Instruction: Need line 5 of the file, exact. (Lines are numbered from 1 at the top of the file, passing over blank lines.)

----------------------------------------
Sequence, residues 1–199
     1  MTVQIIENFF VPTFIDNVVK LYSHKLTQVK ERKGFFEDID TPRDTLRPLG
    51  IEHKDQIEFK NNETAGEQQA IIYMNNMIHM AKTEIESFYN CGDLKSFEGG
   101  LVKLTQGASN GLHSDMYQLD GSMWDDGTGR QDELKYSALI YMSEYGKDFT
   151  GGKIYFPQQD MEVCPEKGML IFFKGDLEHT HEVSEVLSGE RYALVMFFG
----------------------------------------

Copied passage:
   151  GGKIYFPQQD MEVCPEKGML IFFKGDLEHT HEVSEVLSGE RYALVMFFG